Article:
March 11, 2008
Returning to something Leon Hadar said in the comments of one of my posts on ethnonationalism, I wanted to expand on his observation that Muller conflated categories of ethnic groups with other communal identities, especially religious/sectarian communalism. I agree entirely with Dr. Hadar’s point, and alluded to this problem of confusion in my opening remarks, but I didn’t develop this part of the post more fully. This came back to me as I read Roger Cohen’s remark, “Jihadism, with its mirage of a restored infidel-free Caliphate, is perhaps the most violent tribal reaction to modernity.” This is the same kind of confusion between tribe and religion, which makes nonsense out of what might be at least a half-accurate assessment of a fundamentalist phenomenon. As many here would readily understand, fundamentalism is a modern movement and is not so much a reaction against modernity as it is an expression of it, though it is certainly directed against certain secularizing impulses in modern society. But fundamentalist movements usually tend to bridge divides between ethnicities and tribes (which are also not necessarily the same) in the name of a more powerful identity that may claim to be universal in scope or at least will claim to be absolutely true, and so can represent a different kind of universalism in competition with that liberal universalism whose adherents are so bewildered by any attachment or blood or devotion that they mistake these two distinct loyalties for expressions of the same thing.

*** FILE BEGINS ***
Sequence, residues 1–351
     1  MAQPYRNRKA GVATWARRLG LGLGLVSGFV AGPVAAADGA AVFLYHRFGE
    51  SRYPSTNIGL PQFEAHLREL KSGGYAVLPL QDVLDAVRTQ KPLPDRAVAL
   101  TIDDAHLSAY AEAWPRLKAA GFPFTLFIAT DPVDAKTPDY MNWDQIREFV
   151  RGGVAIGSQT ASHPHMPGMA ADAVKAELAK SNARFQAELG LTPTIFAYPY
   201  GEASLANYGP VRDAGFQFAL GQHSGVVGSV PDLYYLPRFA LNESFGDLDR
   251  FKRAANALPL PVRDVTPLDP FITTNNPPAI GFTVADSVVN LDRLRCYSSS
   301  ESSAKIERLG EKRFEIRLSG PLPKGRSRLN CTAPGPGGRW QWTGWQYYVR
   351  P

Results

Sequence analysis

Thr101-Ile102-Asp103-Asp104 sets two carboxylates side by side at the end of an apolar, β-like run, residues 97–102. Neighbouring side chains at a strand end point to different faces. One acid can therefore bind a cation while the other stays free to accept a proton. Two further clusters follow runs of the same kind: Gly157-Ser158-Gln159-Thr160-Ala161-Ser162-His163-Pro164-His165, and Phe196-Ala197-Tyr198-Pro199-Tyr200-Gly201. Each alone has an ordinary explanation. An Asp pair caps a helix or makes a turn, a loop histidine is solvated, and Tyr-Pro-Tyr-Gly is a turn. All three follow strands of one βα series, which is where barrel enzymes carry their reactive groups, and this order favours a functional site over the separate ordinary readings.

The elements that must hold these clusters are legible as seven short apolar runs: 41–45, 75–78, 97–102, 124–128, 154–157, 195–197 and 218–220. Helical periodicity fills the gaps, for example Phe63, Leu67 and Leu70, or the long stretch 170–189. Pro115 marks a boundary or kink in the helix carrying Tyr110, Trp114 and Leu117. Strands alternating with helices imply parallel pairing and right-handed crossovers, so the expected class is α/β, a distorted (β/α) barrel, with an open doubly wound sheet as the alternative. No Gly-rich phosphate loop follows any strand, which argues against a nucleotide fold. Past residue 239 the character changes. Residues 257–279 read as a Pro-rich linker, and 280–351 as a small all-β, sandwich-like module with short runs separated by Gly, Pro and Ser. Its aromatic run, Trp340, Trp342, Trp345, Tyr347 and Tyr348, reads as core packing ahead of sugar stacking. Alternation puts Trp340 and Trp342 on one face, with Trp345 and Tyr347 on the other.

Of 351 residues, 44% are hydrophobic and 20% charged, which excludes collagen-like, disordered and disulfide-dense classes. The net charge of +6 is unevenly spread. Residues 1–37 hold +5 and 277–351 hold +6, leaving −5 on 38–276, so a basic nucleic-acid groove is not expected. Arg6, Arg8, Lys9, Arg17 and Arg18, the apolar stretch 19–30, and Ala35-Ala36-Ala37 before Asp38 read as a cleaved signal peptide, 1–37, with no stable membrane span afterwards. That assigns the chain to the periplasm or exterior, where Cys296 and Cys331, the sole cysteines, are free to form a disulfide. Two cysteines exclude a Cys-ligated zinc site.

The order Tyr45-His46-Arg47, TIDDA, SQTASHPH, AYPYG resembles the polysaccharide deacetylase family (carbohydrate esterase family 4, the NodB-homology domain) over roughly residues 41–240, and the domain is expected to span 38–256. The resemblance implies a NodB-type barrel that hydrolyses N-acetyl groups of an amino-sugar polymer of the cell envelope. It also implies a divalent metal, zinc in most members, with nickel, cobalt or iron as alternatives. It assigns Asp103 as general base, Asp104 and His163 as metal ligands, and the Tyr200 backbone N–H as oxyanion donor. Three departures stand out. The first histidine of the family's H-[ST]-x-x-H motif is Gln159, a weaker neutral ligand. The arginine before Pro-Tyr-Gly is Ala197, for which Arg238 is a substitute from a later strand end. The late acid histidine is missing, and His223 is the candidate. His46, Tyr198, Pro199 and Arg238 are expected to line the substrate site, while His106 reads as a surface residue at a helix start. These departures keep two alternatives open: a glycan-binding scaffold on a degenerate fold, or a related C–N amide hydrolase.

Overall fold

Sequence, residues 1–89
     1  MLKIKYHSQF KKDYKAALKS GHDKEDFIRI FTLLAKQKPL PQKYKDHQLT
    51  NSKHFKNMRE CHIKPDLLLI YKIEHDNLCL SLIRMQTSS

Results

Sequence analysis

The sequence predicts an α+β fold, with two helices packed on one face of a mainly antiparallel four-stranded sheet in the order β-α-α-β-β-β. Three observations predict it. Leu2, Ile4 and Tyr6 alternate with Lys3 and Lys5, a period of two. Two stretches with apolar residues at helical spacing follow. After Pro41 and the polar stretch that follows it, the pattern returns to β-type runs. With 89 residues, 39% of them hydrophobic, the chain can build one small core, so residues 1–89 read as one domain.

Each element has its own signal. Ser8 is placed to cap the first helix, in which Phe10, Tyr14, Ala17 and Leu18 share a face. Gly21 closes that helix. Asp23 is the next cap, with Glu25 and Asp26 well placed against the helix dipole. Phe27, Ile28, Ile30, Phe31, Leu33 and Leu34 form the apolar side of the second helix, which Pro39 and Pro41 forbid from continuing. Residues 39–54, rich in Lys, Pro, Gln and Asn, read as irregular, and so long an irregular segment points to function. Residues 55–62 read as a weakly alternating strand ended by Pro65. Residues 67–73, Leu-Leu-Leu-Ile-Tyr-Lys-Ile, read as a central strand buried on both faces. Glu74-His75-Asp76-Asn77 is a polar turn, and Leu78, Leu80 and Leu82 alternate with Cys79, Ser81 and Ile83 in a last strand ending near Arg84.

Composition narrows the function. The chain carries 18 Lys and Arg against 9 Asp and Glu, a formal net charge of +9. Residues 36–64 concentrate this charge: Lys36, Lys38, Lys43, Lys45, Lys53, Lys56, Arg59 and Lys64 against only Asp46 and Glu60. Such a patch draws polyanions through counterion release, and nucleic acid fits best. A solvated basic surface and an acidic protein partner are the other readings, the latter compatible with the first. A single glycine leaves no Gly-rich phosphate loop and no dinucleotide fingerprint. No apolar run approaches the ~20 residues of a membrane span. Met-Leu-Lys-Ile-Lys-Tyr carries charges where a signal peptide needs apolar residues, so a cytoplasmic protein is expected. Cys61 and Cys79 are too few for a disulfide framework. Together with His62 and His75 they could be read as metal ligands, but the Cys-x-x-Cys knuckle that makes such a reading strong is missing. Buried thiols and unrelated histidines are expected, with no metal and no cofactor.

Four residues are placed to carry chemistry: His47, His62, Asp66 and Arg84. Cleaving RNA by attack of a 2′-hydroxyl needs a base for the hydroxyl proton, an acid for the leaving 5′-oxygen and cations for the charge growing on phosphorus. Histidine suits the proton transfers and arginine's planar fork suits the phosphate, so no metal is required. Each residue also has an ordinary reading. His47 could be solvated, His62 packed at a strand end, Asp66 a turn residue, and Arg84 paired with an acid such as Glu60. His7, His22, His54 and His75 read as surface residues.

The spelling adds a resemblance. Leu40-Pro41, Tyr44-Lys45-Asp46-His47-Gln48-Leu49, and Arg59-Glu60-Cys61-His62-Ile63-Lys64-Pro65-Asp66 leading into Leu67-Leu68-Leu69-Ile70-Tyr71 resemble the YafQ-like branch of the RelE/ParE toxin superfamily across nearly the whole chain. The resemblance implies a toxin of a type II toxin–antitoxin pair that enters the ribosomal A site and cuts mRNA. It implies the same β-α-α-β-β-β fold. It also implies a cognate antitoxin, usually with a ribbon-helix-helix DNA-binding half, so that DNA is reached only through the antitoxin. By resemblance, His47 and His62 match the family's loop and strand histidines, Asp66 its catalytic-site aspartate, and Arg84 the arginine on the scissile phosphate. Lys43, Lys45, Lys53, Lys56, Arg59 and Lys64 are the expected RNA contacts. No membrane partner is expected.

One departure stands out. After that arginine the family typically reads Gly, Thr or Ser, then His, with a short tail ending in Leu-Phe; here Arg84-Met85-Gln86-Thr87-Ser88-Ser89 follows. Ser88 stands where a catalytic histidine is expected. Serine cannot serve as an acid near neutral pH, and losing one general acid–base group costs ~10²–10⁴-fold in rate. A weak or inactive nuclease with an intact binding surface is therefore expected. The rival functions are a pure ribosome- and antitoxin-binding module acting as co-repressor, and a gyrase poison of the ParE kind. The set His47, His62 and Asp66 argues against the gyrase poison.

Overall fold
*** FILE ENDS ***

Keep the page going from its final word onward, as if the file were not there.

Jihadism is transnational, as Islam is, as Scott Richert’s discussion of jihadis in the Balkans in the context of articulating a new containment strategy makes very clear. To the extent that it represents the modern “reformation” of Islam to an idealized salafi purity, it is both the most modern form of Islam and also the one that expresses some of the most fundamental elements of Islam. As tensions in Pashtun territories between Pushtunwali and a rigorous Deobandi Islam show, customary tribal habits and the demands of religious fundamentalism can and will clash. Nothing could be more misleading (and potentially dangerous) than to misinterpret religiously defined movements in terms of “tribalism” or ethnonationalism or to conflate them all as one undifferentiated mass. It is an even more dangerous mistake to assume, as Cohen does and Muller may, that modernization will ultimately do anything other than intensify attachments to tribe, nation and religion.